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Skeletal formula of O-phthaldehyde
Ball-and-stick model of the phthalaldehyde molecule
Preferred IUPAC name
Other names
o-Phthalic dicarboxaldehyde
3D model (JSmol)
ECHA InfoCard 100.010.367
RTECS number TH6950000
Molar mass 134.134 g·mol−1
Appearance Yellow solid
Density 1.19 g/mL
Melting point 55.5 to 56 °C (131.9 to 132.8 °F; 328.6 to 329.1 K)[1]
Boiling point 266.1 °C (511.0 °F; 539.2 K)
Main hazards Toxic, Irritant
R-phrases (outdated) R25 R34 R43 R50[2]
S-phrases (outdated) S26 S36/37/39 S45 S61 [2]
Flash point 132 °C (270 °F; 405 K)[2]
Except where otherwise noted, data are given for materials in their standard state (at 25 °C [77 °F], 100 kPa).
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Infobox references

o-Phthalaldehyde or ortho-phthalaldehyde (OPA) is the chemical compound with the formula C6H4(CHO)2. Often abbreviated OPA, the molecule is a dialdehyde, consisting of two formyl (CHO) groups attached to adjacent carbon centres on a benzene ring. This pale yellow solid is a building block in the synthesis of heterocyclic compounds and a reagent in the analysis of amino acids. OPA dissolves in water solution at pH < 11.5. Its solutions degrade upon UV illumination and exposure to air.

Synthesis and reactions[edit]

The compound was first described in 1887 when it was prepared from α,α,α’,α’-tetrachloro-ortho-xylene.[3] A more modern synthesis is similar: the hydrolysis of the related tetrabromoxylene using potassium oxalate, followed by purification by steam distillation.[1]

The reactivity of OPA is complicated by the fact that in water it forms both a mono- and dihydrate, C6H4(CHO)(CH(OH)2) and C6H4(CH(OH))2O, respectively. Its reactions with nucleophiles often involves the reaction of both carbonyl groups.[4]

Orthophthalaldehyde and hydrated forms 001.png


OPA is used in a very sensitive fluorescent reagent for assaying amines or sulfhydryls in solution, notably contained in proteins, peptides, and amino acids, by capillary electrophoresis and chromatography. OPA reacts specifically with primary amines above their isoelectric point Pi in presence of thiols. OPA reacts also with thiols in presence of an amine such as n-propylamine or 2-aminoethanol. The method is spectrometric (fluorescent emission at 436-475 nm (max 455 nm) with excitation at 330-390 nm (max. 340 nm)).[5]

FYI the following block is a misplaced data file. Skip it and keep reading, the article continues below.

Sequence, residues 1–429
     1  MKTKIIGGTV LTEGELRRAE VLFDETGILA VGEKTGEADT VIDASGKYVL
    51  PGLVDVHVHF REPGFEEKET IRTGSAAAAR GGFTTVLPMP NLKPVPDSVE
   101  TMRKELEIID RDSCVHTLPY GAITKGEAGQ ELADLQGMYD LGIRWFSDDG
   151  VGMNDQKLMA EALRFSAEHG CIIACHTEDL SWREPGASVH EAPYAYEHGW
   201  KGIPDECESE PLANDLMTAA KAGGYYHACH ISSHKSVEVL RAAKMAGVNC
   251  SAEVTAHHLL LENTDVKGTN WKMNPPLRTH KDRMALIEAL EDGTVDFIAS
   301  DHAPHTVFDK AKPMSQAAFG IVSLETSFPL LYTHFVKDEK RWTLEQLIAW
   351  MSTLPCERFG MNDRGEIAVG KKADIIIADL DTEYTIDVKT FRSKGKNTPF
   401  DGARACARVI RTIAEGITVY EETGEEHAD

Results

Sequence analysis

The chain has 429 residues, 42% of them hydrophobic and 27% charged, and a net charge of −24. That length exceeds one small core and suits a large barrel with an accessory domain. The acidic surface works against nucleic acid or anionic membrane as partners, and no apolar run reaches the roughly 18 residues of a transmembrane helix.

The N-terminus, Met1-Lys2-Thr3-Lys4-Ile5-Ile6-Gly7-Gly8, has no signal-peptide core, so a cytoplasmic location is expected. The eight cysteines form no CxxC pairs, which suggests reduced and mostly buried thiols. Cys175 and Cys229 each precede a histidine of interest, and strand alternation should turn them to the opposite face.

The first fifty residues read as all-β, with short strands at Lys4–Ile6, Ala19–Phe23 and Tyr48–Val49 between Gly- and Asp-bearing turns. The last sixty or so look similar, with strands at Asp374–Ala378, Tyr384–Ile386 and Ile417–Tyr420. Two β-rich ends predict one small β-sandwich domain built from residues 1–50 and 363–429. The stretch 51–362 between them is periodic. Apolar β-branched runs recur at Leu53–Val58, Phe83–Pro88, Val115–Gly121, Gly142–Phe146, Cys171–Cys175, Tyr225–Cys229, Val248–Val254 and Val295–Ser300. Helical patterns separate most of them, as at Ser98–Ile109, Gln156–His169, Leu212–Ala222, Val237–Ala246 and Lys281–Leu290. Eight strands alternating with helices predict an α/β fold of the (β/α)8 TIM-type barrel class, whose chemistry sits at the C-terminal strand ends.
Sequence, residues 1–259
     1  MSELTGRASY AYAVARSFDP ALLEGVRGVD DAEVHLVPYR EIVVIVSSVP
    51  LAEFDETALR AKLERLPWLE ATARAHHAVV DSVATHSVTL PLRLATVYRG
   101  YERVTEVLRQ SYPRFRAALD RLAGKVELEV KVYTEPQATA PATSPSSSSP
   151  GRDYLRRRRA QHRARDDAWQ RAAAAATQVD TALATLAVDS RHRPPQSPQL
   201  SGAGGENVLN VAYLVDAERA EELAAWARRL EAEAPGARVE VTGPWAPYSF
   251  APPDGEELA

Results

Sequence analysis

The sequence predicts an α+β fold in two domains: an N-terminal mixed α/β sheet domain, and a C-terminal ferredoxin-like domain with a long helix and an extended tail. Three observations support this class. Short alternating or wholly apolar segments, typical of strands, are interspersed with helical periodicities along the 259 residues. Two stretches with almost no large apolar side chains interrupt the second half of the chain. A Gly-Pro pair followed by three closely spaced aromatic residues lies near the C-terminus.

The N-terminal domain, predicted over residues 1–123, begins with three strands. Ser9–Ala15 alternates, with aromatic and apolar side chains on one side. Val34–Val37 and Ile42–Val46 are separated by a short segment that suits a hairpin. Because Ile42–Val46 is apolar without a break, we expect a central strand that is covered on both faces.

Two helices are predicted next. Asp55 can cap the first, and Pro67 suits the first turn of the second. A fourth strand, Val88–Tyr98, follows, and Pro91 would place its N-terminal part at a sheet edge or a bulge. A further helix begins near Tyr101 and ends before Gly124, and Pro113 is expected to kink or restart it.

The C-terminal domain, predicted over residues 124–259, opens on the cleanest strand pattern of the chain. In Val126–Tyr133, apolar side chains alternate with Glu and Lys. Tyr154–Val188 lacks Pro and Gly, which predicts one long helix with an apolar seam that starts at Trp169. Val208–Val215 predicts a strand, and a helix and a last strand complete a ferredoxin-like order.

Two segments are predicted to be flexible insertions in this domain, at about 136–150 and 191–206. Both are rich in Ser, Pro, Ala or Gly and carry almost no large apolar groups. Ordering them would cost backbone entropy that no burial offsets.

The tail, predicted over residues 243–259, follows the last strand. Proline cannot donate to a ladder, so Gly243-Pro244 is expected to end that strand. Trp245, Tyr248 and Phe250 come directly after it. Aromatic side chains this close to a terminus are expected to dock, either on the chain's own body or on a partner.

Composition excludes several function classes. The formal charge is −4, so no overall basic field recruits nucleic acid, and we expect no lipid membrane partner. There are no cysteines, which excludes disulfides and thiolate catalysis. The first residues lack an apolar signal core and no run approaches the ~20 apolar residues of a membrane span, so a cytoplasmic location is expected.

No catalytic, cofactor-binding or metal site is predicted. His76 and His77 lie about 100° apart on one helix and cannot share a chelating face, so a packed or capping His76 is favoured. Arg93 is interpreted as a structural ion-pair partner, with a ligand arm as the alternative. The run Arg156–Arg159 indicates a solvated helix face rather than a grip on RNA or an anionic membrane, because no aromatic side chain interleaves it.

OPA is commonly used as a high-level disinfectant for medical instruments, commonly sold under the brand names of Cidex OPA or TD-8. Disinfection with OPA is indicated for semi-critical instruments that come into contact with mucous membranes or broken skin, such as specula, laryngeal mirrors, and internal ultrasound probes.[6]


OPA can be polymerized. In the polymer, one of the oxygen atoms forms a bridge to the other non-ring carbon of the same phthalaldehyde unit, while the other bridges to a non-ring carbon of another phthalaldehyde unit. Poly(phthalaldehyde) is used in making a photoresist.[7]

In winemaking[edit]

The Nitrogen by O-Phthaldialdehyde Assay (NOPA) is one of the methods used in winemaking to measure yeast assimilable nitrogen (or YAN) needed by wine yeast in order to successfully complete fermentation.[8]

Isomeric phthalaldehydes[edit]

Related to ortho-phthalaldehyde are the meta- and para-isomers, which are respectively named isophthalaldehyde (m.p. 87–88 °C, CAS# 626-19-7) and terephthalaldehyde (m.p. 114–116 °C, CAS# 623-27-8).


  1. ^ a b J. C. Bill and D. S. Tarbell (1954). "o-Phthalaldehyde". Organic Syntheses. 34: 82.; Collective Volume, 4, p. 807
  2. ^ a b c Phthaldialdehyde from Sigma-Aldrich
  3. ^ Colson, A.; Gautier, H. (1887). "Nouveau Mode de Chloruration des Carbures". Annales de Chimie. 6 (11): 28.
  4. ^ Zuman, Petr (2004). "Reactions of Orthophthalaldehyde with Nucleophiles". Chemical Reviews. 104 (7): 3217–38. doi:10.1021/cr0304424. PMID 15250740.
  5. ^ Protocol by Uptima
  6. ^ "Infection Control in the Physician's Office" (PDF). College of Physicians and Surgeons of Ontario. 2004.
  7. ^ Tsuda, M.; Hata, M.; Nishida, R. I. E.; Oikawa, S. (1993). "Chemically amplified resists IV. Proton-catalyzed degradation mechanism of poly(phthalaldehyde)". Journal of Photopolymer Science and Technology. 6 (4): 491. doi:10.2494/photopolymer.6.491.
  8. ^ B. Zoecklein, K. Fugelsang, B. Gump, F. Nury Wine Analysis and Production pgs 152-163, 340-343, 444-445, 467 Kluwer Academic Publishers, New York (1999) ISBN 0834217015